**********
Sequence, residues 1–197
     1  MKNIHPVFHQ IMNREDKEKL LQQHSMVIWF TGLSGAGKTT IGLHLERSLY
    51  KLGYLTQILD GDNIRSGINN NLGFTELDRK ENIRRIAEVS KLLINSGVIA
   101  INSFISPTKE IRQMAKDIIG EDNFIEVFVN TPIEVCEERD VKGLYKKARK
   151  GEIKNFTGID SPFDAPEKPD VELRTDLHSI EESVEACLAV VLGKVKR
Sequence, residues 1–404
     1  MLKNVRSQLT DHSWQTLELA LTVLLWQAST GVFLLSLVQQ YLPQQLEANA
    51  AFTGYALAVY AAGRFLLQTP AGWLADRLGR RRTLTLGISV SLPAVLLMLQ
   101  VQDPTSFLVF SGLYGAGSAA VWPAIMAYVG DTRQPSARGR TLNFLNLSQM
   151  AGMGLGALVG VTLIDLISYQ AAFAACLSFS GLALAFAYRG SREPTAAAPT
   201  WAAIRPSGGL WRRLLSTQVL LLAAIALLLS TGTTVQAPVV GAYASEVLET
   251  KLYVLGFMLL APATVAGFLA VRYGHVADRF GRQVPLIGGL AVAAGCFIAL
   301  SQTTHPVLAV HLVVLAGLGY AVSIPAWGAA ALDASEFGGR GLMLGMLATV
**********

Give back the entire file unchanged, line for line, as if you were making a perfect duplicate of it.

Sequence, residues 1–197
     1  MKNIHPVFHQ IMNREDKEKL LQQHSMVIWF TGLSGAGKTT IGLHLERSLY
    51  KLGYLTQILD GDNIRSGINN NLGFTELDRK ENIRRIAEVS KLLINSGVIA
   101  INSFISPTKE IRQMAKDIIG EDNFIEVFVN TPIEVCEERD VKGLYKKARK
   151  GEIKNFTGID SPFDAPEKPD VELRTDLHSI EESVEACLAV VLGKVKR
Sequence, residues 1–404
     1  MLKNVRSQLT DHSWQTLELA LTVLLWQAST GVFLLSLVQQ YLPQQLEANA
    51  AFTGYALAVY AAGRFLLQTP AGWLADRLGR RRTLTLGISV SLPAVLLMLQ
   101  VQDPTSFLVF SGLYGAGSAA VWPAIMAYVG DTRQPSARGR TLNFLNLSQM
   151  AGMGLGALVG VTLIDLISYQ AAFAACLSFS GLALAFAYRG SREPTAAAPT
   201  WAAIRPSGGL WRRLLSTQVL LLAAIALLLS TGTTVQAPVV GAYASEVLET
   251  KLYVLGFMLL APATVAGFLA VRYGHVADRF GRQVPLIGGL AVAAGCFIAL
   301  SQTTHPVLAV HLVVLAGLGY AVSIPAWGAA ALDASEFGGR GLMLGMLATV